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The Vault at PfaffsAn Archive of Art and Literature by the Bohemians of Antebellum New York
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 and the more Secesh she was, the
better.      In short the fellow   a New
Yorker   was a squirt   a  Northern
man with Southern principles.    Mrs
and Mr Harris sung, she sung alone,
so did he.     We talked promiscuously,
with occasional masculine adjoinments
to the rear room for vinnous refreshment.
Presently I was in the front parlor,
talking with the delicate-faced girl,
whom I found kind, pleasant and
ingenuous.   She and the rest of the
party had been present in Friday s
demonstration on the levee, attending
the departure of the parolled rebel
soldiers.     She told me her experience
of it very innocently, with  Didn t
I think    ?  this and that.     Mrs Har.
told me that the girl was consump-
tive, that she might not survive.
She had neither brothers or sisters.
Dressed simply in white, evidently de-
sirous to please, I could not help
Title:Thomas Butler Gunn Diaries, Volume Twenty-Two: page eighty-nine
Description:Describes a visit to Mr. and Mrs. Harris after the bachelor party.
Subject:Civil War; Gunn, Thomas Butler; Harris, Lizzie; Harris, T. Decatur; Hughes, Maria; Reid; Women
Coverage (City/State):[New Orleans, Louisiana]
Scan Date:2011-01-03


Title:Thomas Butler Gunn Diaries, Volume Twenty-Two
Description:Includes Gunn's descriptions of his experiences as a war correspondent for ''The New York Tribune'' at New Orleans, Louisiana, and Baton Rouge, Louisiana, as well as his preparations in New York for going back to England.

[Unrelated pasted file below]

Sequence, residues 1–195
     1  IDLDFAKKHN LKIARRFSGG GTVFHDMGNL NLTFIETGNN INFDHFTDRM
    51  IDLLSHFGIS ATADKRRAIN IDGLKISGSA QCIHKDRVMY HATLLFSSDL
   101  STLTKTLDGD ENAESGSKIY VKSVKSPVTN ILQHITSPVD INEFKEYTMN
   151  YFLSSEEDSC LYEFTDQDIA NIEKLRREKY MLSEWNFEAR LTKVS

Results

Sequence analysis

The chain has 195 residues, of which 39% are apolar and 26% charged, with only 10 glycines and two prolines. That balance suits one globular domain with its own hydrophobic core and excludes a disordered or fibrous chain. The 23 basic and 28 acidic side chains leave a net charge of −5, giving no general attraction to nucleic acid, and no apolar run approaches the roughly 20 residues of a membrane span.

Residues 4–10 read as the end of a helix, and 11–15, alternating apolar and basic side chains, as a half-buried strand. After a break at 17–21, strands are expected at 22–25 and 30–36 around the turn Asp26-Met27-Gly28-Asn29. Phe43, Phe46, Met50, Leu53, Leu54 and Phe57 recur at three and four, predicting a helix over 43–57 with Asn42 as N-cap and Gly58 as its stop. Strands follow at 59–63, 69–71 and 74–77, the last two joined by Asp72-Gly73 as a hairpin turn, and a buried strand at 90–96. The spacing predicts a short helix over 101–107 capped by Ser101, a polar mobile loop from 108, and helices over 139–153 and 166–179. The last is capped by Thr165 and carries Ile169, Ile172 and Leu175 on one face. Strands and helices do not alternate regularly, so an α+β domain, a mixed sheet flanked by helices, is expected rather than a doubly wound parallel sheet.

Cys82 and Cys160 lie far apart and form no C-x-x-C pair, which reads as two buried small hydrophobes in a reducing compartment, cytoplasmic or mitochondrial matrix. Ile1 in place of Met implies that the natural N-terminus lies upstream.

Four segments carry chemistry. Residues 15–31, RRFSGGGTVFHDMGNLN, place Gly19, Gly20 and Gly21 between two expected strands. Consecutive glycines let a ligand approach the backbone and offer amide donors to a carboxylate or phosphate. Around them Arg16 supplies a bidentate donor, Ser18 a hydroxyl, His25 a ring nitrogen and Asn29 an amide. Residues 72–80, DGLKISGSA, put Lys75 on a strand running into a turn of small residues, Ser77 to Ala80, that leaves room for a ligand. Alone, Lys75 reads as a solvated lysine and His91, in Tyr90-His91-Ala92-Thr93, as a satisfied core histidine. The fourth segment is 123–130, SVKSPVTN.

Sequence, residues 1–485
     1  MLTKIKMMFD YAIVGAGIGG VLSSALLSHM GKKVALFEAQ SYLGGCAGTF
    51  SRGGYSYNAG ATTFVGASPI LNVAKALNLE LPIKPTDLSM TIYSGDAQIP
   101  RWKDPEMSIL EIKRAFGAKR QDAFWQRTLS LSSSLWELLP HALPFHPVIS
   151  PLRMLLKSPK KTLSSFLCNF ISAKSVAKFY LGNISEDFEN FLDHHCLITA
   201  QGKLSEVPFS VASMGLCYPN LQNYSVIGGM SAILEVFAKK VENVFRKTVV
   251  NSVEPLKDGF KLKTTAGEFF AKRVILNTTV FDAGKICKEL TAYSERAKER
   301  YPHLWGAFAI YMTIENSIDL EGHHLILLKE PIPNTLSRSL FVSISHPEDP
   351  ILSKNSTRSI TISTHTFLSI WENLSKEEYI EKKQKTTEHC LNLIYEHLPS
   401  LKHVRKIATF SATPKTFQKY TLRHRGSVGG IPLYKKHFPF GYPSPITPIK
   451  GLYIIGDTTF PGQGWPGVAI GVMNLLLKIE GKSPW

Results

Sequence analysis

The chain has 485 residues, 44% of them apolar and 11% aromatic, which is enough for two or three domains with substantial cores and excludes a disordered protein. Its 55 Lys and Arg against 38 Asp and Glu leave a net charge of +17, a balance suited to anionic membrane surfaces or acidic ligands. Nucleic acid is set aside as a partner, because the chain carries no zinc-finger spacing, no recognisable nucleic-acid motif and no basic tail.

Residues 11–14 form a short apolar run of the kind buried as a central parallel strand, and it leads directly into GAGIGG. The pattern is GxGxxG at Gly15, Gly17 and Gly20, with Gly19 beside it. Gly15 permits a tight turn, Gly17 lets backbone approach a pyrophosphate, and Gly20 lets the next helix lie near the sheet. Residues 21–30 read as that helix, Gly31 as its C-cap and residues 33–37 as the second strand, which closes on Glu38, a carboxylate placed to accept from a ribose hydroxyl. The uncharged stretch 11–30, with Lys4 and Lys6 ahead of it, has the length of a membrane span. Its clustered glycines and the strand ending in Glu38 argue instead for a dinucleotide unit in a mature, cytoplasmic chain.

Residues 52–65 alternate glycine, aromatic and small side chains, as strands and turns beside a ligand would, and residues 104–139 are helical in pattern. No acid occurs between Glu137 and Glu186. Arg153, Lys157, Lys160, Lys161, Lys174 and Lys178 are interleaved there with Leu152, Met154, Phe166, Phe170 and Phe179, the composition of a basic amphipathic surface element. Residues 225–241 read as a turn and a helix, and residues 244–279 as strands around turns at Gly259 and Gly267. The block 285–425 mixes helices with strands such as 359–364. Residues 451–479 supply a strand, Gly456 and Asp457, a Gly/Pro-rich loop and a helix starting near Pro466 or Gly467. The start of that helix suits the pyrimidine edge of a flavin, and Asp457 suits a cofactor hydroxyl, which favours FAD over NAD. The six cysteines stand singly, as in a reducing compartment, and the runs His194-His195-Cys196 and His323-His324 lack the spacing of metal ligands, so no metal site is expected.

Subject:Boardinghouses; Civil War; Gunn, Thomas Butler; Journalism; Military; Travel; Women
Coverage (City/State):New York, New York; New Orleans, Louisiana; Baton Rouge, Louisiana
Note:Thomas Butler Gunn was born February 15, 1826, in Banbury, England, and came to New York in 1849. During the Civil War he worked as a correspondent for the New York Tribune and the New York Evening Post. He returned to England in 1863, and died in Birmingham in April 1903. The collection includes twenty-one volumes of his diaries, including newspaper clippings, letters, photographs, sketches, and various other items inserted by Gunn. Diary entries date from July 7, 1849, to April 7, 1863, and include his experiences with the New York publishing and literary world, his descriptions of boarding houses, his travels throughout the United States, and his experiences traveling with the Federal army as a Civil War correspondent.
Publisher:Missouri History Museum
Rights:Copyright 2011 Missouri History Museum.
Source:Page images, transcriptions, and metadata of the Thomas Butler Gunn diaries have been provided by the Missouri History Museum.